On June 1900 San Francisco's city hall received the news that Joseph J. Kinyoun had instituted a travel ban in hopes of preventing the spread of the plague to the rest of the country. Mayor Phelan confirmed the news by stating that Kinyoun had notified him personally about the travel ban. Phelan went on to blame the federal court ruling that restricted the ability of the local government to deal with the plague. In order to improve sanitary living conditions in Chinatown, Governor Gage proposed to hire inspectors and workers to eradicate the plague. Governor Henry Gage requested for Mayor Phelan and his administration to match the states $25,000 contribution. However, Phelan informed Governor Gage that the city did not have the resources to match the states contribution. After meeting with Governor Gage, Phelan and his Board of Supervisors agreed to contribute $6,000. On the summer of 1901, Mayor Phelan publicly announced that he would not run for another term. "During his final address before leaving office, Phelan praised the health board, claiming that because of its vigilance the city 'was saved from Oriental infection.'"  Phelan concluded by thanking the federal government and their efforts to help the city endure the crisis.
Although the San Francisco Plague in Chinatown was reported in journalism, the material printed was prone to exaggerations, biased information, and focused on making the Chinese population look substandard. Newspapers were heavily averse to the Democratic Phelan administration and believed the health officials were corrupt and wasteful. For this reason, publications refused to print public health initiatives to prevent disease outbreaks and instead would focus on the community's lack of sanitation. Acts of racism were apparent because publications were heavily inclined to use offensive images and headlines to attract attention of readers.
During the 1906 San Francisco earthquake Phelan was a member of the Committee of Fifty, called into existence by Mayor Schmitz to manage the crisis. Afterward, when Dr. Edward Thomas Devine, representing the American Red Cross by appointment of President Roosevelt, was responsible for Relief and Red Cross Funds, ex-Mayor Phelan was allowed to assist Devine, thus keeping the money out of the hands of Schmitz and Abe Ruef. Phelan became Chairman of the Board of Directors of the San Francisco Relief and Red Cross Funds when Devine was relieved of his post in July 1906.
As a Democrat, Phelan ran for the U.S. Senate against Republican Joseph R. Knowland and Progressive Francis J. Heney. He was elected to the United States Senate in 1914 and served from March 4, 1915, to March 3, 1921. Although he had toned down his anti-Japanese rhetoric during World War I, when the United States had allied with Japan, in 1919, Phelan once again began to speak out against the "Yellow Peril," delivering a speech in favor of Japanese exclusion before a special session of the state legislature. He was an unsuccessful candidate for reelection in 1920, defeated by Republican Samuel M. Shortridge, coming in second with 40% of the vote. His defeat may have been the result of his racially tinged campaign; one of his reelection campaign posters contained the headline "Keep California White." (This poster is displayed at the Japanese American National Museum). During his time in the Senate, he was chairman of the U.S. Senate Committee on Railroads during the 64th Congress and of the U.S. Senate Committee on Irrigation and Reclamation of Arid Lands during the 65th Congress.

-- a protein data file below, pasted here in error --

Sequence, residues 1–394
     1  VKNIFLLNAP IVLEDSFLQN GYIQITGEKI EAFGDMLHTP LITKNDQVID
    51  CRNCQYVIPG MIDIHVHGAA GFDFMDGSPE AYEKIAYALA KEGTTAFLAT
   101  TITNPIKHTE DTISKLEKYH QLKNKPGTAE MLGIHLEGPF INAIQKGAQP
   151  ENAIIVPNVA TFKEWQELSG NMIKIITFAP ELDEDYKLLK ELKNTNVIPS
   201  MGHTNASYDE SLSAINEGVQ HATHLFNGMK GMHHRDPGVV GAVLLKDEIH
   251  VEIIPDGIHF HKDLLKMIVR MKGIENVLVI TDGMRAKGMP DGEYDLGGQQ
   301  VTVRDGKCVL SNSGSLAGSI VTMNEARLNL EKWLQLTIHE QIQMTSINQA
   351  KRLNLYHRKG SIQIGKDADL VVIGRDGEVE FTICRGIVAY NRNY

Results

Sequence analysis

After his time in the Senate, Phelan returned to banking and collected art. He remained active in the anti-Japanese movement, collaborating with McClatchy and the Japanese Exclusion League of California to successfully ban Japanese immigrants from entering the country with the Immigration Act of 1924. He died at his country estate Villa Montalvo in Saratoga in 1930. He is buried in the family mausoleum in Holy Cross Cemetery in Colma, California.
|Party political offices|
after direct election of Senators was adopted in 1913
| Democratic nominee for U.S. Senator from California
John B. Elliott
| Mayor of San Francisco
George C. Perkins
| U.S. Senator (Class 3) from California
Served alongside: John D. Works, Hiram Johnson
Samuel M. Shortridge